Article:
Geohelminths

Geohelmintiasis

Date: 
09/01/2014
Investigation Line: 

Abstract

BACKGROUND:

The diagnosis of Strongyloides stercoralis (S. stercoralis) infection is hampered by the suboptimal sensitivity of fecal-based tests. Serological methods are believed to be more sensitive, although assessing their accuracy is difficult because of the lack of sensitivity of a fecal-based reference ("gold") standard.

METHODS:

The sensitivity and specificity of 5 serologic tests for S. stercoralis (in-house IFAT, NIE-ELISA and NIE-LIPS and the commercially available Bordier-ELISA and IVD-ELISA) were assessed on 399 cryopreserved serum samples. Accuracy was measured using fecal results as the primary reference standard, but also using a composite reference standard (based on a combination of tests).

RESULTS:

According to the latter standard, the most sensitive test was IFAT, with 94.6% sensitivity (91.2-96.9), followed by IVD-ELISA (92.3%, 87.7-96.9). The most specific test was NIE-LIPS, with specificity 99.6% (98.9-100), followed by IVD-ELISA (97.4%, 95.5-99.3). NIE-LIPS did not cross-react with any of the specimens from subjects with other parasitic infections. NIE-LIPS and the two commercial ELISAs approach 100% specificity at a cut off level that maintains ≥70% sensitivity.

CONCLUSIONS:

NIE-LIPS is the most accurate serologic test for the diagnosis of S. stercoralis infection. IFAT and each of the ELISA tests are sufficiently accurate, above a given cut off, for diagnosis, prevalence studies and inclusion in clinical trials.

Date: 
09/05/2013
Investigation Line: 
Date: 
01/05/2013
Investigation Line: 

Abstract

Strongyloides stercoralis infections have a worldwide distribution with a global burden in terms of prevalence and morbidity that is largely ignored. A public health response against soil-transmitted helminth (STH) infections should broaden the strategy to include S. stercoralis and overcome the epidemiological, diagnostic, and therapeutic challenges that this parasite poses in comparison to Ascaris lumbricoides, Trichuris trichiura, and hookworms. The relatively poor sensitivity of single stool evaluations, which is further lowered when quantitative techniques aimed at detecting eggs are used, also complicates morbidity evaluations and adequate drug efficacy measurements, since S. stercoralis is eliminated in stools in a larval stage. Specific stool techniques for the detection of larvae of S. stercoralis, like Baermann's and Koga's agar plate, despite superiority over direct techniques are still suboptimal. New serologies using recombinant antigens and molecular-based techniques offer new hopes in those areas. The use of ivermectin rather than benzimidazoles for its treatment and the need to have curative regimens rather than lowering the parasite burden are also unique for S. stercoralis in comparison to the other STH due to its life cycle, which allows reproduction and amplification of the worm burden within the human host. The potential impact on STH of the benzimidazoles/ivermectin combinations, already used for control/elimination of lymphatic filariasis, should be further evaluated in public health settings. While waiting for more effective single-dose drug regimens and new sensitive diagnostics, the evidence and the tools already available warrant the planning of a common platform for STH and S. stercoralis control.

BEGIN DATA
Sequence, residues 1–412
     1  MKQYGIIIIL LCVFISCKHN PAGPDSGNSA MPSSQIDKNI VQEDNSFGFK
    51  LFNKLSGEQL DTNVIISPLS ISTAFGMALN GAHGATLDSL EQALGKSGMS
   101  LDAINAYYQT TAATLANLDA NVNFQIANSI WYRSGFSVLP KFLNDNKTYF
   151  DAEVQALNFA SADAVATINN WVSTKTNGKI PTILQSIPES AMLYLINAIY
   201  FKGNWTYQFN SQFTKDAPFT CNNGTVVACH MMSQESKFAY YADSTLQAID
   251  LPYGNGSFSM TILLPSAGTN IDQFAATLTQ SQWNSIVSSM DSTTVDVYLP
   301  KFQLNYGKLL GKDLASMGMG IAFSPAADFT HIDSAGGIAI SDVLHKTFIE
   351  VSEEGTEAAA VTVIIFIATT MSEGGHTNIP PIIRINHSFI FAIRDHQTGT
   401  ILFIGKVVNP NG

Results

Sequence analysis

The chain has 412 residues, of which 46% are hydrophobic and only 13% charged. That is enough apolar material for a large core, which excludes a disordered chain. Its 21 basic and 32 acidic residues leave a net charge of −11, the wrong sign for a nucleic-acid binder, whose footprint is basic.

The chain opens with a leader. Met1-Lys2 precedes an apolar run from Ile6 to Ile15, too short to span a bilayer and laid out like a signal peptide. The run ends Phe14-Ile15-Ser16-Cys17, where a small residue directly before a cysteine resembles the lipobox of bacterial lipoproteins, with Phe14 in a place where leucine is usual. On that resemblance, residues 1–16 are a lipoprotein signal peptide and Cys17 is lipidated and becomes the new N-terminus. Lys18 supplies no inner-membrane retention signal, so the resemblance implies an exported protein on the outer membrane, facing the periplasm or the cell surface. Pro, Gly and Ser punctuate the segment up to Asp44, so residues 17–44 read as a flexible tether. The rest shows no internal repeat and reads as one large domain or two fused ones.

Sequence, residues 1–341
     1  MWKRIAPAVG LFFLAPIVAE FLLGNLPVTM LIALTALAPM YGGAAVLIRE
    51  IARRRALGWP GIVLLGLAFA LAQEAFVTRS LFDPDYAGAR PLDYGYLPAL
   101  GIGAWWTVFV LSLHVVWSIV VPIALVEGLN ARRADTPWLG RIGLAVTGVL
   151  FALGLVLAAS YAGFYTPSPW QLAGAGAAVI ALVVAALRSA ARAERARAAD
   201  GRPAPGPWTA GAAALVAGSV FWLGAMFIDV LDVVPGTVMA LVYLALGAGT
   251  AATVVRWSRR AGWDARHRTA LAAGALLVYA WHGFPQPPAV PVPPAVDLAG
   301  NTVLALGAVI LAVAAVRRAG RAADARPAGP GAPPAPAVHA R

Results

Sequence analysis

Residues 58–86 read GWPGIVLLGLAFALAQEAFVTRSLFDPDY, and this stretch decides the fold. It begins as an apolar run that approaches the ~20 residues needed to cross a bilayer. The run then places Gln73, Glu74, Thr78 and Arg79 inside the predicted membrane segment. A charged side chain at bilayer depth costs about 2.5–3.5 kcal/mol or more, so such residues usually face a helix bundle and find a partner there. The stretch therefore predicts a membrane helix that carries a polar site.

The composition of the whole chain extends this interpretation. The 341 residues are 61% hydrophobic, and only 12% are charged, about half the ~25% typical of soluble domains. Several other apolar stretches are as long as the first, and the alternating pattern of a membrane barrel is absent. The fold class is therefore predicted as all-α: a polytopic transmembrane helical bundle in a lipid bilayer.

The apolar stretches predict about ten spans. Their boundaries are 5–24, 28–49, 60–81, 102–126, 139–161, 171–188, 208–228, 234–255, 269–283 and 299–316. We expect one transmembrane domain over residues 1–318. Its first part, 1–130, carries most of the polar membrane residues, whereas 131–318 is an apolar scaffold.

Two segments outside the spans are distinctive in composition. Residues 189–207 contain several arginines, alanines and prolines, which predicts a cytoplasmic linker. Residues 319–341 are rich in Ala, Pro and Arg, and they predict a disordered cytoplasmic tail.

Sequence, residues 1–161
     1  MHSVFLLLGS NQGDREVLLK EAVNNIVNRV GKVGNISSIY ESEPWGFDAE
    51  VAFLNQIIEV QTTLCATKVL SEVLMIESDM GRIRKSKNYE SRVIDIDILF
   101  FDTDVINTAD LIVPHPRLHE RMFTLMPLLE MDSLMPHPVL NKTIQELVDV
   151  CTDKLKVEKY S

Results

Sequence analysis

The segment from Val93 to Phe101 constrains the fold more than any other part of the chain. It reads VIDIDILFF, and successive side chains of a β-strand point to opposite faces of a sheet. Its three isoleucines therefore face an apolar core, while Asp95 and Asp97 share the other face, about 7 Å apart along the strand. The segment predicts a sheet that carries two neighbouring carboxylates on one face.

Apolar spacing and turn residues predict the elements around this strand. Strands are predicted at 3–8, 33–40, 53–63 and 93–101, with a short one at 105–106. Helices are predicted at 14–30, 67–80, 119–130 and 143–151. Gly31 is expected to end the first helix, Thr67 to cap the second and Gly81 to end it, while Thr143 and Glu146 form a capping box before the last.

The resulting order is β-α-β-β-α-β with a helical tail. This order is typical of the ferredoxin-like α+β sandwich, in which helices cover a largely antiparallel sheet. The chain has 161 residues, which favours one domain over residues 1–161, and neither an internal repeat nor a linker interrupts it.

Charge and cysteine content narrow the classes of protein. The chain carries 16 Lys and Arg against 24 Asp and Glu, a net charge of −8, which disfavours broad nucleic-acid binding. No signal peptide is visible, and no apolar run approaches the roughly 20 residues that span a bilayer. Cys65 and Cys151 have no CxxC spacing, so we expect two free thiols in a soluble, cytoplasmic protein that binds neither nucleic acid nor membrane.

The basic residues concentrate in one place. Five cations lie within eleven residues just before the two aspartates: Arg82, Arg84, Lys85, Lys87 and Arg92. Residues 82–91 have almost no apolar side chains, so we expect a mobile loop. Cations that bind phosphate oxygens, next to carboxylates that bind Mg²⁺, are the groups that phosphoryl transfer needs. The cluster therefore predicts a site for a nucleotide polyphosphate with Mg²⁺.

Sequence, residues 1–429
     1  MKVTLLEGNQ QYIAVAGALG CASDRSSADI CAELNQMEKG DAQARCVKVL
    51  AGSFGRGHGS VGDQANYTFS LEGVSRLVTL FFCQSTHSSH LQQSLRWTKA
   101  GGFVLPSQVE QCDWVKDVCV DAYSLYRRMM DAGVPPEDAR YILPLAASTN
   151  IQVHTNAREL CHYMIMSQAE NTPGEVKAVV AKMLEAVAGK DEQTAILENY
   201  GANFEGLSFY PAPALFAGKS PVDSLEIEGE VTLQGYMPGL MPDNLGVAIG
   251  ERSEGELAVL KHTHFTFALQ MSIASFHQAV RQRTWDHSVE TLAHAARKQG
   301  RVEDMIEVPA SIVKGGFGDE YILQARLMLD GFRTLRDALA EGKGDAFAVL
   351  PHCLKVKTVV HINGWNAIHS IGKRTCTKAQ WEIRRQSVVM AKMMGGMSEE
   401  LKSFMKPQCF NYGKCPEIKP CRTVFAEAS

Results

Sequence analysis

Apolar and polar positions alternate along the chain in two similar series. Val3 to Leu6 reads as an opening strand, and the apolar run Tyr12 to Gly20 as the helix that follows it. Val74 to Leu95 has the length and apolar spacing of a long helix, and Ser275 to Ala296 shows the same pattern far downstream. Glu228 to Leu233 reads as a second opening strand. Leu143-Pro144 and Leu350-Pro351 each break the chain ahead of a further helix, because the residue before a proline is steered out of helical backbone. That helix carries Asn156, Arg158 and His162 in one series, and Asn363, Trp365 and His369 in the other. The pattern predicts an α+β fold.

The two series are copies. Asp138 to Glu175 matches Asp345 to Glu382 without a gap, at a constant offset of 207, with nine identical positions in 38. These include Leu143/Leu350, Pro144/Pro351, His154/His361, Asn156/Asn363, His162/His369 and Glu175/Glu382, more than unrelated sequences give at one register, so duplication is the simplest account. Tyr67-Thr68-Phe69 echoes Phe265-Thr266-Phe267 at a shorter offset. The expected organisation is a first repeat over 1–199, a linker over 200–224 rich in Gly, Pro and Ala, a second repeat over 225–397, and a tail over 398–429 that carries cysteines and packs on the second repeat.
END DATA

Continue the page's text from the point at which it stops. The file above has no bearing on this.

Date: 
01/08/2012
Investigation Line: 

Abstract

An expanded global focus on the control and elimination of neglected tropical diseases (NTDs) has called attention to the need to develop and validate surveillance strategies that are cost effective and can be integrated across diseases. Here, we describe a multiplex tool for the sensitive detection of antibody responses to NTDs as well as vaccine preventable diseases, malaria, and waterborne and zoonotic infections. The assay platform is robust, can be performed with either serum or dried blood spots and can be adapted to local epidemiological conditions and public health priorities. Multiplex assays open the door to conducting routine serosurveillance for NTDs through demographic health surveillance or malaria indicator surveys.

Date: 
01/01/2011
Investigation Line: 

Abstract

We report the occurrence of serious reactions after treatment with oral ivermectin in two patients with Mansonella ozzardi infections. Both had systemic and respiratory symptoms and recovered without sequelae. Follow-up revealed clearance of microfilaremia in both cases, with relapse in one of them. These reactions are well described in the treatment of other filarial infections, but have not yet been reported in the treatment of M. ozzardi. We are now reporting the first such known reactions with this helminthiasis.

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